14 been adversely affected; and to co-operate in adopting programmes and measures for those purposes for the control of the human activities identified by the application of the criteria in Appendix 3. In this context the OSPAR Commission has the duty as described in more detail in Art. 3 para. 1 b) of Annex V to draw up programmes and measures for the control of the human activities identified by the application of the criteria in Appendix International Environmental Custom and Environmental "Soft Law" The environmental customary international law is a primary source of non-codified international environmental law. According to today s unanimous school in literature (see also Art. 38 para. 1 b) of the Statute of the ICJ) the emergence of international customary law requires two constitutive elements: a constant general practice and the respective acceptance of the practice as binding law (opinio iuris et necessitatis). 18 Therefore a common international practice of the states is required which by conviction of the states postulates immediate obligations. 19 Thus the repeated and constant existence of a rule on the level of soft law is a valuable evidence for the formation of the necessary conviction that it reflects a legal obligation. Also international treaties contribute to the emergence of international custom. 20 International custom therefore has legally binding effect. However, particularly in international environmental law a differentiation into "principles" and "rules" is required with regard to the normative contents of international customary rules. "Rules" contain a binding commitment, whereas "principles" grant a relatively wide scope for performance and need to be completed by application of law and legislation. 21 International customary principles do not comprise concrete rights or duties. They rather serve as ground for interpretation and application of specific international rules. As such they are legally binding though they are operationally manageable only to a limited extent. 22 Such legally binding effect as customary principle can be claimed in the first place by the precautionary principle because of its generalized acceptance. The principle provides that in case of danger of considerable damage to be caused to the environment the necessary measures must even be adopted, if there is no absolute scientific certainty whether the environmental damage really will occur or whether there exists a causal connection between the conduct and the feared impacts on the environment. 23 International customary law as binding international law must be distinguished from so-called international "soft-law". These are rules of conduct for the international practice, which in principle are not legally binding but non-the-less show certain also legal effects. 24 The transition from international "soft law" to international custom very often is fluid A. Epiney/ M. Scheyli, Strukturprinzipien des Umweltvölkerrechts, 1998, p A. Epiney/ M. Scheyli, supra 18, p A. Epiney/ M. Scheyli, supra 18, p A. Epiney/ M. Scheyli, supra 18, p A. Epiney/ M. Scheyli, supra 18, p A. Epiney/ M. Scheyli, supra 18, pp. 107, 125 and A. Epiney/ M. Scheyli, supra 18, p. 78; partly the existence of international "soft law" is denied any justification, see quotations in: A. Epiney/ M. Scheyli, supra 18, pp. 79 footnotes 183 and 184; "soft law" does in fact not belong to the accepted sources of international law, but there is discussion whether "soft law supplements the classical sources of international law, see quotations in: A. Epiney/ M. Scheyli, supra 18, p. 78 footnote A. Epiney/ M. Scheyli, supra 18, p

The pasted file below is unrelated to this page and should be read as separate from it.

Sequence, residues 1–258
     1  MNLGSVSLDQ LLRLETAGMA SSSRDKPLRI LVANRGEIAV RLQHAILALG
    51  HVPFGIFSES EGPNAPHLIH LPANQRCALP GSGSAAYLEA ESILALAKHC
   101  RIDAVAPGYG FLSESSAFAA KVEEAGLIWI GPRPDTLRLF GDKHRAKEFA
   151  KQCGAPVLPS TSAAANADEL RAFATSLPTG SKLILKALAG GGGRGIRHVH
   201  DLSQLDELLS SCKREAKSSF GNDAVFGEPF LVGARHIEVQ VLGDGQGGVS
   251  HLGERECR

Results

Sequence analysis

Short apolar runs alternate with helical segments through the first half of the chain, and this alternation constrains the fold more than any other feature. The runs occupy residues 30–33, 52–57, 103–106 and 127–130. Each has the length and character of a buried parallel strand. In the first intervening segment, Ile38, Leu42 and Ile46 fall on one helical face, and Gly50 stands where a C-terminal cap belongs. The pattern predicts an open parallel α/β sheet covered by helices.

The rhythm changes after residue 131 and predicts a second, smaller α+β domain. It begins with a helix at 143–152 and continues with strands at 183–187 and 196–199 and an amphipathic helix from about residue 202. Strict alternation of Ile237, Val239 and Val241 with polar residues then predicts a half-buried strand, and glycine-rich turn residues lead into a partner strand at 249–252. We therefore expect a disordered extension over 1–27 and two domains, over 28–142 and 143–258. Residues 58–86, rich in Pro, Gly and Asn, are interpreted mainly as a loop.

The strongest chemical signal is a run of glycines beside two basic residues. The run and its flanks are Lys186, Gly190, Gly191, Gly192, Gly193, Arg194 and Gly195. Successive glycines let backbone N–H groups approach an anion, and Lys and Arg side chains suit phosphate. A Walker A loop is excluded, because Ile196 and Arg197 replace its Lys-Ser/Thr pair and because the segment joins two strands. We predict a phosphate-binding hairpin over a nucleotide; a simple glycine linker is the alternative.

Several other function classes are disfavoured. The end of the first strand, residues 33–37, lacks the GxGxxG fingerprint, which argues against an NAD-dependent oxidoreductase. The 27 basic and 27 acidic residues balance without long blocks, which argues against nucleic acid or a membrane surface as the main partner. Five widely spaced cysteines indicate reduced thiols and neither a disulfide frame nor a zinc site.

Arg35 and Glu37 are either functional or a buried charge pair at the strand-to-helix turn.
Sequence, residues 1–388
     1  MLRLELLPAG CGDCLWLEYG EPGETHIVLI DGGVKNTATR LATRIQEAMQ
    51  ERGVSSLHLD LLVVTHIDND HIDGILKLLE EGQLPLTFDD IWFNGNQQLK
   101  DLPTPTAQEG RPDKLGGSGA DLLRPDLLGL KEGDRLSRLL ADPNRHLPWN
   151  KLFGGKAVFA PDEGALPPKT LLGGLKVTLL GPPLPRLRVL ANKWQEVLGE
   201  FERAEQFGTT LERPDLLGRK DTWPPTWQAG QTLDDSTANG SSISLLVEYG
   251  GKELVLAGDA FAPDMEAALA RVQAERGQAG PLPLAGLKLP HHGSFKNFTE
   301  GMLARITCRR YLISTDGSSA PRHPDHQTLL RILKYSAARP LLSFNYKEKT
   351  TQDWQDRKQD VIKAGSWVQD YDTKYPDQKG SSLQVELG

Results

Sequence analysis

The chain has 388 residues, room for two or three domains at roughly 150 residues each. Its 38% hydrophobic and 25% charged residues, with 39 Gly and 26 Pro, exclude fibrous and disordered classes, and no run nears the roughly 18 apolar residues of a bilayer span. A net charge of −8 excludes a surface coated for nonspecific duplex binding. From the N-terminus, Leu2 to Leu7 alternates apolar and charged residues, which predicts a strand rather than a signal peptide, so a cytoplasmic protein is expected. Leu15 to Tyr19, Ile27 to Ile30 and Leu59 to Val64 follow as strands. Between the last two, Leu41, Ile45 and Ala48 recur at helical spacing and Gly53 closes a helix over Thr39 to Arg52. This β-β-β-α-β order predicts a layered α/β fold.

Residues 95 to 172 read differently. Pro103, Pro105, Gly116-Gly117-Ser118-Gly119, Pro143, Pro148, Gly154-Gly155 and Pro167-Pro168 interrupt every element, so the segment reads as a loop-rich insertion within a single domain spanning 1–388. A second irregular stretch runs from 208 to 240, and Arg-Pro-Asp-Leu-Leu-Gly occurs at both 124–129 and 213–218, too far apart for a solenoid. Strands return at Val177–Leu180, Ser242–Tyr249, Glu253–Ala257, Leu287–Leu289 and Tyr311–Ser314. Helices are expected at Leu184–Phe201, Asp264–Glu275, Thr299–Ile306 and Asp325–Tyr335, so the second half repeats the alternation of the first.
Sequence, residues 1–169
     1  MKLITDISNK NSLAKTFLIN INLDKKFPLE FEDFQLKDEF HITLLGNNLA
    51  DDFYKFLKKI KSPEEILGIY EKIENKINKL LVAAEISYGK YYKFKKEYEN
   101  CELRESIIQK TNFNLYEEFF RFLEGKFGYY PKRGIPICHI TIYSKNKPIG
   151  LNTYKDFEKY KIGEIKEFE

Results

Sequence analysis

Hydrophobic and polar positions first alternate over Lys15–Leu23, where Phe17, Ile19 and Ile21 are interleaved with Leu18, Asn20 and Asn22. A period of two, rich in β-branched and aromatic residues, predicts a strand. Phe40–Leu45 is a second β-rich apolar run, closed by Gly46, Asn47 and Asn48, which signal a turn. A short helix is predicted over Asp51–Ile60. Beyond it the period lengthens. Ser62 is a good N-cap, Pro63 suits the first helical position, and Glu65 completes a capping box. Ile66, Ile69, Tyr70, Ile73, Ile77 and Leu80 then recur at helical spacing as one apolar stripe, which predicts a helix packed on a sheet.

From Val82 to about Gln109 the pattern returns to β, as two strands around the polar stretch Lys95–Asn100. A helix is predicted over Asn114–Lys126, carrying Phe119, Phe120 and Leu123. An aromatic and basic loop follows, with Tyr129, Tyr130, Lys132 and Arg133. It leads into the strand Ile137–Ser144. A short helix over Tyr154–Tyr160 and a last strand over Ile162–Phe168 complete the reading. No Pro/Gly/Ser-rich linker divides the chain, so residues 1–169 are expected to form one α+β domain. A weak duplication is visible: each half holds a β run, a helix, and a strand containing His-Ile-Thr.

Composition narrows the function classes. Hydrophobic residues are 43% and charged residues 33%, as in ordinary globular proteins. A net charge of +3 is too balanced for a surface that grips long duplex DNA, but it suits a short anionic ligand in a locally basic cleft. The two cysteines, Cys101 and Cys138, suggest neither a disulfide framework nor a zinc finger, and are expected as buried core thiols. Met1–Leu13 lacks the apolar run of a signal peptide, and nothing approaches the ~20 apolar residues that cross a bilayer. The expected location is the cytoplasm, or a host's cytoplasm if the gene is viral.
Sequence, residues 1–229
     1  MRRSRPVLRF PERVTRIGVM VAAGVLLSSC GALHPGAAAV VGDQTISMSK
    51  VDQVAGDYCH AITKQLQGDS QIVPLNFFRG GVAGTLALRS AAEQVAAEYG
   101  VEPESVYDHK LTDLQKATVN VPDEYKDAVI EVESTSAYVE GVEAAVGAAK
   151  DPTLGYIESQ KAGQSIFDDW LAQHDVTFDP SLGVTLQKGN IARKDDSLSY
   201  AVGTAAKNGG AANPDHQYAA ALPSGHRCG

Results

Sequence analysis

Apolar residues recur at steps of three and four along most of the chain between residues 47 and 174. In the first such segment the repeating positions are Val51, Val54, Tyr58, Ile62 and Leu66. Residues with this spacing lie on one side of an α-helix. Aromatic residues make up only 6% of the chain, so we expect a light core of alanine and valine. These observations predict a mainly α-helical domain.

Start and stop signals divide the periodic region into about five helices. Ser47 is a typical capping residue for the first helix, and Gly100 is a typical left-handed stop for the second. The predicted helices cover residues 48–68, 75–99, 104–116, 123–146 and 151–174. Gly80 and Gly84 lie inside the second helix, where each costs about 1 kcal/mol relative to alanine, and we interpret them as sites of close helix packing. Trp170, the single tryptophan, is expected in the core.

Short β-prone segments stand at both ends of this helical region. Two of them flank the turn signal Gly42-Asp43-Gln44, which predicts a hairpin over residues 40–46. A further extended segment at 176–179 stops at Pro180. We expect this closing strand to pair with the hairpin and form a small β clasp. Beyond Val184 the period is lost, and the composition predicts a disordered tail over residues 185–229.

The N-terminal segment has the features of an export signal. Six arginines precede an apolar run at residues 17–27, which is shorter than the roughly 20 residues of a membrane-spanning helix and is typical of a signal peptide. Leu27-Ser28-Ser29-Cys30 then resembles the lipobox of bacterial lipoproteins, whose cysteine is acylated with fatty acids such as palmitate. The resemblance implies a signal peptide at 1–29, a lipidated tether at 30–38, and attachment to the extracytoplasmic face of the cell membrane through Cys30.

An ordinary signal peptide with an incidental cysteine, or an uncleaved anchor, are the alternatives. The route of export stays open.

15 II. Basic Aspects of European Community Law The law of the European Union consists of the law of the three European Communities 26 (European Community Law) and the provisions governing the new forms of intergovernmental co-operation in the European Union 27 (European Union Law). European Community Law is constituted by primary and secondary law. 1. Primary law The primary law, i.e. the Acts of Member States, comprises the constitutive Treaties including all Annexes and Protocols, subsequent Treaty amendments, accession and association treaties, international treaties concluded by the Community with third countries 28, but also (noncodified) general principles of law. a) The Environmental Law in the EC-Treaty The Treaty basis of environmental law of the Community can be found in the provisions of the constitutive Treaty on the European Community (EC-Treaty) of 25 March 1957 as amended by the Treaty of the European Union (Maastricht Treaty) of 7 February 1992 and by the Treaty of Amsterdam of 2 October The Amsterdam Treaty and thus the revised EC-Treaty entered into force on 1 May As Treaty basis first Art. 6 (ex Art. 3c) EC-Treaty should be given notice, which provides that environmental protection requirements must be integrated into the definition and implementation of the Community policies and activities referred to in Art. 3 EC-Treaty, in particular with a view to promoting sustainable development. This embodies the so-called cross-the-board principle. 29 Further Art. 95 (ex Art. 100a) EC-Treaty must be pointed out its para. 3 and 4 explicitly mention environmental protection: Art. 95 para. 1 (ex Art. 100a para. 1) EC-Treaty is the legal basis for measures on the establishment and functioning of the internal market. These regulations can (additionally) also aim at environment protection. 30 According to Art. 95 para. 3 (ex Art. 100a para. 3) EC-Treaty the Commission when submitting its suggestions in compliance with para. 1 shall adopt a high level of protection, taking account in particular of any new development based on scientific facts. The European Parliament and the Council will also seek to achieve this objective. Art. 95 para. 4 (ex Art. 100a para. 4) EC-Treaty allows Member States under certain conditions to maintain national provisions on grounds of major needs relating to the protection of the environment. The EC-Treaty dedicates an entire Title XIX (ex Title XVI) to environmental policy. This Title contains three categories of provisions: 26 European Coal and Steel Community (ECSC); European Community (EC; former European Economic Community); European Atomic Energy Community (Euratom or EAC). 27 Common Foreign and Security Policy (CFSP); Co-operation in the fields of justice and home affairs (JHA; in future co-operation of police and justice in combating crime). 28 There is dispute as to the classification of treaties with third countries as primary Community law, see M. Schweitzer/ W. Hummer, Europarecht, 5 th ed. 1996, para The "cross-the-board principle" requires to take due regard of environmental issues in all other common policies, see A. Epiney, Umweltrecht in der Europäischen Union, 1997, p A. Epiney, supra 29, p